In other words, what the ACLU really thinks is that trans children are not perfect the way they are. Then, just a few days after confusing the meaning of the word perfect, the ACLU issued another tweet with even more wrongly defined words, “Trans Youth are Loved. Trans Youth are cherished. Trans Youth belong.” How is telling kids that their bodies are a mistake by God or nature a way of cherishing them? How is telling them that they’re wrong as is, not just in their feelings but in their very being, helping them “to belong?” How is any of this love?
Still, it’s one thing for the ACLU to get this issue so wrong; it’s another thing altogether for the Church to get it wrong. Just as bad is the Church embracing one of the great lies of our culture, that telling the truth is unloving and that loving someone requires affirming their choices.
Truth matters, ideas have consequences, and bad ideas have victims. This is why we cannot love someone without speaking the truth. It is not necessarily cruel to say what is true. It can be, of course, if the truth is said in the wrong way or for the wrong reasons. At the same time, affirming someone’s choices can be not only not telling the truth, but it can be an incredibly cruel thing to do, even when done from good intentions. In fact, the cruelest thing you can tell someone who’s not ok is that they are.
Even simply raising the issue of truth today, especially in certain contexts, can end a relationship. For example, over the past few years, I’ve heard from many, many parents and grandparents of grown children, struggling to make sense of a generational gap that seems insurmountable. Generation gaps are, of course, nothing new, but, in our culture, certain issues are driving these relationships to a breaking point.
A new, four-week, online course, beginning tomorrow April 6, will address this need. “How to Speak Truth and Love Both Inside and Outside the Church” takes place four consecutive Tuesday evenings, led by four outstanding and practical speakers who will help us hold together truth and love in our interactions with four different groups of people.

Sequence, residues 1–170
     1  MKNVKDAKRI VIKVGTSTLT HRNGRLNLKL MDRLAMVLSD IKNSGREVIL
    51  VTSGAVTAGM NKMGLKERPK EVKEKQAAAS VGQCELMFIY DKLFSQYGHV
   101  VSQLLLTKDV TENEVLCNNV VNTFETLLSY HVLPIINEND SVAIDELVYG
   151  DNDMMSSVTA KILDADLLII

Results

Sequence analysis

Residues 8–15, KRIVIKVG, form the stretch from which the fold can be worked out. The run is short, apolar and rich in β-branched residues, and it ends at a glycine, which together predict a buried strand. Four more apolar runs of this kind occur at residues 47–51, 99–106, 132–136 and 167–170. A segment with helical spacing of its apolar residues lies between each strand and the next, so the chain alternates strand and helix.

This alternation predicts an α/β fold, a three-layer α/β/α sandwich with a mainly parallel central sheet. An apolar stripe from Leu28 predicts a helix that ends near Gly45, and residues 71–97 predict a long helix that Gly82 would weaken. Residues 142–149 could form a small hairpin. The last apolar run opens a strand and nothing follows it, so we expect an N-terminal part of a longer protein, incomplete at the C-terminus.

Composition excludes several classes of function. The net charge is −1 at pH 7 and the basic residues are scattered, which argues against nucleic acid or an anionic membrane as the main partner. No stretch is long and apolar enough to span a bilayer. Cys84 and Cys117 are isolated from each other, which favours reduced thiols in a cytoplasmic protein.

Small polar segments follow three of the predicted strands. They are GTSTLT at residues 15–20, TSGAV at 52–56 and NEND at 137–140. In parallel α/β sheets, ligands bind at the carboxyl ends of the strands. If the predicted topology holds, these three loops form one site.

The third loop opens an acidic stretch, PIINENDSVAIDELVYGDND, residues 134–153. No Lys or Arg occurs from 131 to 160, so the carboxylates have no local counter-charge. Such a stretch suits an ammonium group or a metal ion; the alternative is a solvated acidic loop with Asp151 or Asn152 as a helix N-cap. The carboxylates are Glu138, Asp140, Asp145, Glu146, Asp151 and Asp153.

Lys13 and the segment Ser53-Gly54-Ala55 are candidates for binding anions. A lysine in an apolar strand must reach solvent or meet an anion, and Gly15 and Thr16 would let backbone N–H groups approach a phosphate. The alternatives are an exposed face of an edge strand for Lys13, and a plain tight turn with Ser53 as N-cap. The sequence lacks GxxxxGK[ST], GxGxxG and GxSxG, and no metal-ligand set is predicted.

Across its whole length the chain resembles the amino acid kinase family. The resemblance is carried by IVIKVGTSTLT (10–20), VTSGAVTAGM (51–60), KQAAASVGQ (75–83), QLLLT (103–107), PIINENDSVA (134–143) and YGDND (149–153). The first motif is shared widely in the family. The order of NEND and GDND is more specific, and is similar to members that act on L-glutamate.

Greg Stier from Dare2Share will get things started tomorrow night as he discusses how we can speak truth and love to unbelievers who need to know Jesus. The following Tuesday, Colson Fellows National Director Michael Craven will help us communicate with Christians who don’t know what (or how) to think about the issues in our culture (or maybe who don’t seem to care very much). The third session, led by apologist and author Sean McDowell, will focus on communicating truth in love to progressive Christians who have abandoned important Christian truths. And finally, Jonathan Morrow from the Impact 360 Institute, will help us understand members of Gen Z, and help communicate to these people who often struggle to know who to trust.
Register for this course at BreakPoint.org. Each week features a 90-minute session that includes a time for question and answer with the instructor. Everyone who signs up also receives a link to the recording of every week’s session, that way you can review the information or you can catch it in case of a scheduling conflict.
Truth and love are inseparable. Jesus Christ is the source and the very embodiment of both Truth and Love. We need not choose between them. We must not choose between them.
Again, come to BreakPoint.org to register for tomorrow night’s Short Course, “How to Speak Truth and Love.”